But for those who want haute couture with a distinctive malagueño flair, a visit to the studio of Rafael Urquizar is a must. The international designer and regular at the Mercedes-Benz Fashion Week in Madrid has never once considered leaving the Andalusian city. ‘I was born here and it is very difficult to give up the quality of life of this place’, he says. ‘Collections are influenced by where you live, but Andalusia is also present in the minds of most designers – even international ones – because it is a source of universal inspiration’. And what is there of Málaga in his collections? ‘The sea, the colours, the light of the city, they’re in absolutely everything I do. And of course the artisanal traditions, the embroidery and fringes’. Urquizar has been a privileged witness of the city’s transformation. ‘Málaga has seen a turning point in recent years. Now it is experiencing rapid growth. It has always been a transient capital city, but cutting-edge places have opened and it has come to occupy an important position, not only as a tourist destination, but also culturally’. He concludes: ‘Before, it was much more of a provincial city, people would go straight to Marbella. Now Málaga is the focus, people come here and stay; we’ve never seen so many foreigners walking through our streets’.
As in all of Andalusia, Málaga knows how to combine sophistication with a certain closeness: it can be an opulent city, but one that remains highly accessible. This fact is part of why so many backpackers come to enjoy its charms each year (say, enjoying a skewer of freshly roasted sardines on the beach of Malagueta) without draining their bank accounts. Anyone who wants affordable Málaga fashion can head to Quizás, a shop recently opened by make-up blogger Jennyfer Reyes, now a successful entrepreneur. To delve deeper into the city’s traditions, especially from a culinary perspective visit Zoilo grocery shop, one of the city’s oldest, which has also maintained a certain classical approach to pricing.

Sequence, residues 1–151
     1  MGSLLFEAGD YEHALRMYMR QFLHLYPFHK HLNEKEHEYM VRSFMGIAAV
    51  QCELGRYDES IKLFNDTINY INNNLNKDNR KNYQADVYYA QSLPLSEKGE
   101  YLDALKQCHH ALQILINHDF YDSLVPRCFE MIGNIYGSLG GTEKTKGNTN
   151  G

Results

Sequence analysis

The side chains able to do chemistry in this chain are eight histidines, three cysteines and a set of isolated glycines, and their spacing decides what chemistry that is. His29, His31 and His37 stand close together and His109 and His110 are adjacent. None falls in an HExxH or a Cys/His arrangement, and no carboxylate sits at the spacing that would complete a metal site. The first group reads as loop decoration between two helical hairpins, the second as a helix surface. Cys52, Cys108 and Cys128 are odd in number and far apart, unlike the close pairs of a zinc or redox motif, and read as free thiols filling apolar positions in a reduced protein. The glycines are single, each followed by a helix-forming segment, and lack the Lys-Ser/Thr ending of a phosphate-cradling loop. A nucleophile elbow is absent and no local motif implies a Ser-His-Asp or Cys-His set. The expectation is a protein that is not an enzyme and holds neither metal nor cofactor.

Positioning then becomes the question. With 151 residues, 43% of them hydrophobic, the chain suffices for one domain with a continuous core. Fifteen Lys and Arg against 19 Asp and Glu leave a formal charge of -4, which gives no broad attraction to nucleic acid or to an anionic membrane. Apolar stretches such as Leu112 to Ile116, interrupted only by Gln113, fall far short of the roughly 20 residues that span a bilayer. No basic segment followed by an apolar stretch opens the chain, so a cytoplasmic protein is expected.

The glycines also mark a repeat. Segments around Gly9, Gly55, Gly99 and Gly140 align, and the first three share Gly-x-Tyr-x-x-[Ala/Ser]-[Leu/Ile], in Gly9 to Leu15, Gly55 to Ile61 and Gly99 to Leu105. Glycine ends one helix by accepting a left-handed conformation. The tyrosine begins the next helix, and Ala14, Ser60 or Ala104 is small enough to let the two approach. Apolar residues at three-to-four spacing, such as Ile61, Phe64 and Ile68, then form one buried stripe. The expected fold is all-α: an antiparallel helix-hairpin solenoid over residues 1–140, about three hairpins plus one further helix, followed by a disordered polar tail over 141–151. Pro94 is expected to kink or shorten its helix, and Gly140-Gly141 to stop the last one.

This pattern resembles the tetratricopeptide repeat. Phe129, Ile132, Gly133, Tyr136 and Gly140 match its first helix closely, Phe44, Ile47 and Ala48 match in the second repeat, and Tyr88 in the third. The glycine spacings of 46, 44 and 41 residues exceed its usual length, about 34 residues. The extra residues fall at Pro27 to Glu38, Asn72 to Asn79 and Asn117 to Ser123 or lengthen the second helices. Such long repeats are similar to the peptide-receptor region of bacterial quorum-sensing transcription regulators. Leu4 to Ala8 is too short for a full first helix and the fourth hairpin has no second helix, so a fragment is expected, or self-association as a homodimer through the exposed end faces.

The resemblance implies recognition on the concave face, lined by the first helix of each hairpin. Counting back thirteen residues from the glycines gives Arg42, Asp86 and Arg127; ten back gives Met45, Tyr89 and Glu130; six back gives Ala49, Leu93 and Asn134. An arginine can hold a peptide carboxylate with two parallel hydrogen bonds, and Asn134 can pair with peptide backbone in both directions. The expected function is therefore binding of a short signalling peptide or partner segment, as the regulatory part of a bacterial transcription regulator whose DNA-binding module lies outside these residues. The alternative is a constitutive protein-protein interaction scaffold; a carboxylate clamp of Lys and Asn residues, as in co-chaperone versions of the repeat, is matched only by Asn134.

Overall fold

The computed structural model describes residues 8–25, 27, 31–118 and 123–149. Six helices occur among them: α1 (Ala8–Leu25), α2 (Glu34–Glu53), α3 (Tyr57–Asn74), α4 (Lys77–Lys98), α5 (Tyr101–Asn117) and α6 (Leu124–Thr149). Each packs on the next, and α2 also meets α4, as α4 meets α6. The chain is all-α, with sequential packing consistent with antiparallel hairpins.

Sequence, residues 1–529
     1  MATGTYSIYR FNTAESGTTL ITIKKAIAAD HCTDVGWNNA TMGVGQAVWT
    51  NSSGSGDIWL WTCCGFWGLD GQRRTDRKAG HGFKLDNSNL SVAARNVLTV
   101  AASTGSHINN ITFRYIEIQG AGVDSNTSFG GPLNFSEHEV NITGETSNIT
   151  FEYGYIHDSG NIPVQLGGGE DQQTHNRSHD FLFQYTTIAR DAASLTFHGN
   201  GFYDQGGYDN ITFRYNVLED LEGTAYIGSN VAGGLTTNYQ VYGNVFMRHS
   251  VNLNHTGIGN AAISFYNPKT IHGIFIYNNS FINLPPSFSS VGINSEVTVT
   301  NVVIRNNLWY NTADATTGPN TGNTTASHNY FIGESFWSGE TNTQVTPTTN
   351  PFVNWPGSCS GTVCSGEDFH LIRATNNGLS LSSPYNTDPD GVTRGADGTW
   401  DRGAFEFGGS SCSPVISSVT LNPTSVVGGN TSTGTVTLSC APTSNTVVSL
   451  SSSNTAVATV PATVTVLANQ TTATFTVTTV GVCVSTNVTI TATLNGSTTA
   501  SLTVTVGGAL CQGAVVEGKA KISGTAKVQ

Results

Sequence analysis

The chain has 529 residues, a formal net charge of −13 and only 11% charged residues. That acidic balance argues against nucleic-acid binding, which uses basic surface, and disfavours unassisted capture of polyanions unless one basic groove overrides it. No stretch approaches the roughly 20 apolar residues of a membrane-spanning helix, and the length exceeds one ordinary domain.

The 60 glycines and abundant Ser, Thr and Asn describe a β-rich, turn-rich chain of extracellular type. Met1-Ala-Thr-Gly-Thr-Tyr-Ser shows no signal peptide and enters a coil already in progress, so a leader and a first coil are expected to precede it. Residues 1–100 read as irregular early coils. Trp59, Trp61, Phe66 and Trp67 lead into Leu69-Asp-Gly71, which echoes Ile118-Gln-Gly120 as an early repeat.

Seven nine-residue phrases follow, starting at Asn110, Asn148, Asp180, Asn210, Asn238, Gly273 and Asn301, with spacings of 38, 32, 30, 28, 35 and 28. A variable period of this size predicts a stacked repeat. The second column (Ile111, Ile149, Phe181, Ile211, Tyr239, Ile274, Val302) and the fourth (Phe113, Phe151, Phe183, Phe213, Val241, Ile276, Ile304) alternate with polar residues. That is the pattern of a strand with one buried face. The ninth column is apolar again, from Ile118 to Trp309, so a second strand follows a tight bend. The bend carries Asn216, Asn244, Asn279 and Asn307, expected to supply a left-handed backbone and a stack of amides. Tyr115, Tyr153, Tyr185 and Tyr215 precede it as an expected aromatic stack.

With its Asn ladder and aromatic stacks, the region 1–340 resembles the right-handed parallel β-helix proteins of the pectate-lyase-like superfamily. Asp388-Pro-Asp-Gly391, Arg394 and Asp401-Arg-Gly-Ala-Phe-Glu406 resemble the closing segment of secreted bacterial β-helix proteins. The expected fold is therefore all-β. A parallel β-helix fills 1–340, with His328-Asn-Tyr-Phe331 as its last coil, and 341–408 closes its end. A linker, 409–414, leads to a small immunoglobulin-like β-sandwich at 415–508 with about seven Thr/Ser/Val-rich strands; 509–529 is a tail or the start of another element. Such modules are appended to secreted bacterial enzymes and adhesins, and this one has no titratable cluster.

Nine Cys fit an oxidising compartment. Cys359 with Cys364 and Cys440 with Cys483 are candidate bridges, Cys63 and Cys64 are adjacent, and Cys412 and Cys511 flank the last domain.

In the last decade, Málaga has undertaken an extensive restoration of the main streets and emblematic monuments
Finding reasonably priced accommodations in charming settings is possible thanks to offerings such as Urban Jungle, a project by Eli and María, have been living the wonderful cliché of ‘I’m going to leave it all behind and set up a hotel’ for two years now. In their case, it is a hostel located in the city centre which was set up with help from a design studio, a fact that can be noticed in every corner, with no detail overlooked. ‘It was something I had seen in my travels in many countries, but not in Málaga’, explains Eli, ‘accommodations for all budgets that are still comfortable and sophisticated’. Nor are rooms all they offer: on their idyllic roof terrace they occasionally offer acoustic concerts at sunset for their young guests.
‘We used to live in Barcelona, but we chose Málaga because it has grown a lot as a hub of tourism and culture. And we were right on the money: all this is still going strong and the city has many good years in front of it’.